In 2016, something unusual happened. The death of a secretary at a law firm in New York City made global headlines. It’s not every day that you’d find the demise of a secretary doing the runs across all major news networks.
However, this is exactly what happened when Sylvia Bloom of Cleary Gottlieb Steen & Hamilton (a law firm) passed away. What she left behind was what left the entire world stunned - $6.24 million (Ksh704 million) to charity.
This could be a normal activity to the world's wealthiest, but that’s just it. Sylvia did not come from a wealthy family, nor was she working for a crazy salary. She was just a secretary, but a very smart one at that because after working at the New York-based law firm for 67 years, she managed to amass over $8.2 million (Ksh931.9 million) in earnings.
The famous secretary was also not some college investment wizkid, she actually earned a college degree while working.
Her story proved that even the salaried men and women of this world can create real wealth, or become multi-millionaires if they really wanted that for themselves.
A widow of more than a decade who lived in a one-bedroom Brooklyn apartment and took the subway everywhere, including to her job, her story read more like fiction at first.
It's easy to admire wealthy people and wish we could be one of them. Most of us believe that becoming a millionaire is out of reach, but it is actually quite achievable. Even if one doesn’t end up with a million dollars or more, one may be able to significantly increase their net worth and build a more secure financial future.
Sylvia, like the majority of us, was never taught anything about investing. However, one day her boss requested that a specific stock be purchased in his investment account.
Her boss did this several times, and she eventually began buying a few shares of whatever he purchased for herself on the side. She, like many of us, learned about investing on her own, mostly by doing it.
She kept on doing this for the next six decades and left a legacy that has inspired millions, as it showed securing one’s financial future isn’t just a pipe dream, even for the employed.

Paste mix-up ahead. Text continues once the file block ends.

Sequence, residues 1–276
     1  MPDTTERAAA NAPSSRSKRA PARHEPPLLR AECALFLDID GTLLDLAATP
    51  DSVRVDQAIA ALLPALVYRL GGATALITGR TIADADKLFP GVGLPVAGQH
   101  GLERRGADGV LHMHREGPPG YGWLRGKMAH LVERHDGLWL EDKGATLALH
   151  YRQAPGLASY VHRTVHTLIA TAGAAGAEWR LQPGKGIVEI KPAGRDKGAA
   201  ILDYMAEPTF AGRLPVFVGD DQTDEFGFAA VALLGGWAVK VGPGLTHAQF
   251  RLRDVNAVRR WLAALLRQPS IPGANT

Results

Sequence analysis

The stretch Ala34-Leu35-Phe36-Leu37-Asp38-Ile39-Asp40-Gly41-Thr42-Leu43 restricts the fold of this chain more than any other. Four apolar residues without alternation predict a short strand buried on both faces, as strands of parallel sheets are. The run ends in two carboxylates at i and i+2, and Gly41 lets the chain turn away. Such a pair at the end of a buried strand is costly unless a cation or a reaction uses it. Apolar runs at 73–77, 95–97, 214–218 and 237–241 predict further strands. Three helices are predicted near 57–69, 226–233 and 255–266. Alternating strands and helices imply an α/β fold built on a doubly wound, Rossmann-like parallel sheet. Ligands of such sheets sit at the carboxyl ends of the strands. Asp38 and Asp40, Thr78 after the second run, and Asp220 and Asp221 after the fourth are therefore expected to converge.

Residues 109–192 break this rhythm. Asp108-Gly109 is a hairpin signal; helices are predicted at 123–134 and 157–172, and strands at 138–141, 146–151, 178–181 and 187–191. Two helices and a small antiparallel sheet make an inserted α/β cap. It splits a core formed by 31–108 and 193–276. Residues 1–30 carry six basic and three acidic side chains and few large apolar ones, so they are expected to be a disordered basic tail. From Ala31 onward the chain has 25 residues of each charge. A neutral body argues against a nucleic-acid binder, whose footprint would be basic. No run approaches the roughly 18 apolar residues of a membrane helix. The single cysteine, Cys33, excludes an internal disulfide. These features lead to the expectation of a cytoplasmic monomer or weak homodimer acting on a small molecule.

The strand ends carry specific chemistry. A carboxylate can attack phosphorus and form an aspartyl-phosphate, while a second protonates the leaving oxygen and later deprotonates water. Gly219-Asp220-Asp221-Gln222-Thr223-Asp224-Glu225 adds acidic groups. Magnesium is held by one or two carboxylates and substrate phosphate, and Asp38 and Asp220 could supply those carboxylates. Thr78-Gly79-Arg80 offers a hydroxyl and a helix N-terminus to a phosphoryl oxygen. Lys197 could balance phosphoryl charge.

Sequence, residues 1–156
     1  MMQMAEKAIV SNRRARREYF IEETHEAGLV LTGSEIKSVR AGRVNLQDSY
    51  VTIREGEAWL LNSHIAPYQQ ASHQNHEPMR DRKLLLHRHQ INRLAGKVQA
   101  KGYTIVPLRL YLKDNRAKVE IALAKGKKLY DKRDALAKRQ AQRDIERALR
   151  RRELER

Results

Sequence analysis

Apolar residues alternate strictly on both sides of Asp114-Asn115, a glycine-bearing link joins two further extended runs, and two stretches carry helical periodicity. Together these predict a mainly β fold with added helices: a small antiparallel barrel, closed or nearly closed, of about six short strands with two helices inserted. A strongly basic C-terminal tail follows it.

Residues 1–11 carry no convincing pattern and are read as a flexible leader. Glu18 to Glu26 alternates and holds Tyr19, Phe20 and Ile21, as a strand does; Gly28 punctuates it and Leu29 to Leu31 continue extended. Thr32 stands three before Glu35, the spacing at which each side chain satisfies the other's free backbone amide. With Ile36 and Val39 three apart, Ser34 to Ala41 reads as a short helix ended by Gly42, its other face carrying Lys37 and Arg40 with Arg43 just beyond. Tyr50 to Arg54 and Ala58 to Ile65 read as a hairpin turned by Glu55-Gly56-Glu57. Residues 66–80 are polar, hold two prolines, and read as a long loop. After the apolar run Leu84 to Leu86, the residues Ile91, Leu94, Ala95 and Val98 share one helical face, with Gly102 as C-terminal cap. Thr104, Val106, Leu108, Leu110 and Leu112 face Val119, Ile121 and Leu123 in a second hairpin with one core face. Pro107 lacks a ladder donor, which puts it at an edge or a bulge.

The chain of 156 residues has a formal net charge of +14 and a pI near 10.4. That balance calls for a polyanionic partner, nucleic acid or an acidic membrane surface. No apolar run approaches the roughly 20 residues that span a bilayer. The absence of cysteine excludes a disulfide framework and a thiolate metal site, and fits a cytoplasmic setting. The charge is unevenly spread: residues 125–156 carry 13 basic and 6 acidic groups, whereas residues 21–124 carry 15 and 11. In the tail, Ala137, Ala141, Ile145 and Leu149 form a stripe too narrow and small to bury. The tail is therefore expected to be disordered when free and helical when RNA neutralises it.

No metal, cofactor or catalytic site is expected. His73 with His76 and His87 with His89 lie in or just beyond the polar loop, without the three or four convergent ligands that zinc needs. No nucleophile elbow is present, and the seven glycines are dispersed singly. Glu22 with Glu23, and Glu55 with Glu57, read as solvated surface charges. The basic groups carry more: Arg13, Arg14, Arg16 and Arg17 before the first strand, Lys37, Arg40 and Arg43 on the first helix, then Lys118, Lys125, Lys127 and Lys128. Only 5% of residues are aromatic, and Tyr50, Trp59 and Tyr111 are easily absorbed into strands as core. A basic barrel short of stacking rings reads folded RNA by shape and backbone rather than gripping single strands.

Sylvia is just one of many ordinary people who surprised their friends and neighbors by being worth millions when they died - either through investing or living frugally, or both.
Working-class people -secretaries, teachers, janitors, and more, make headlines across the world with awe-inspiring regularity. Here are some more:
Gladys Holm: Another secretary, Holm was never paid more than $15,000 (Ksh1.7 million) per year. She, like Sylvia, aped many of her boss's stock purchases and ended up leaving $18 million (Ksh2 billion) to a children's hospital.
In 2015, a retired grocer - Leonard Gigowsk, in Milwaukee left $13 million (Ksh 1.4 billion) to a local Catholic high school.
There are countless other stories of dollar millionaires who left behind a fortune, surprising everyone around them. The common denominator among all the stories you’ll come across of such individuals are pretty simple.
The most important lesson is that you must be patient because the majority of these people's fortunes were amassed over a period of several decades.
It goes without saying that the minimum wage in the USA is much higher as compared to Kenya. However, as seen in the points above, how much they earned was never a major issue, how much they put aside as savings or for investment was.
Being able to manage your money effectively entails more than just trying to make ends meet. You don't need a lot of experience or to be a genius to manage your finances well.
The challenge is to figure out how to save a portion of your salary while also paying off debts, covering basic living expenses, and working toward one’s financial goals.
All the basics when it comes to money and how to grow it must be observed i.e budgeting, setting financial goals, paying attention to how much is spent, investing in solid ventures, paying off debt, etc.
It's the end of the month, and you have a surplus. Great! You are faced with two options:
Choice 1 has the potential to generate more money for you in the future. It is money from your salary that can add weight to your existing portfolio, even if it is only Ksh1,000.
Choice 2 can be modified to work for one’s benefit. E.g. Once a financial goal or target is met, a reward can be a motivator.
The 50-30-20 rule helps answer the question of how to manage salary on a monthly basis. According to the rule, you can allocate 50% of your salary to needs (rent, groceries, etc.), 30% to savings & investments, and 20% to wants (dinner dates, luxury purchases, etc.)
If you're earning Ksh30,000, then according to the rule, you should allocate 50% or Ksh15,000 to essentials; 30% or Ksh9,000 to saving & investing; 20% or Ksh 6,000 to wants.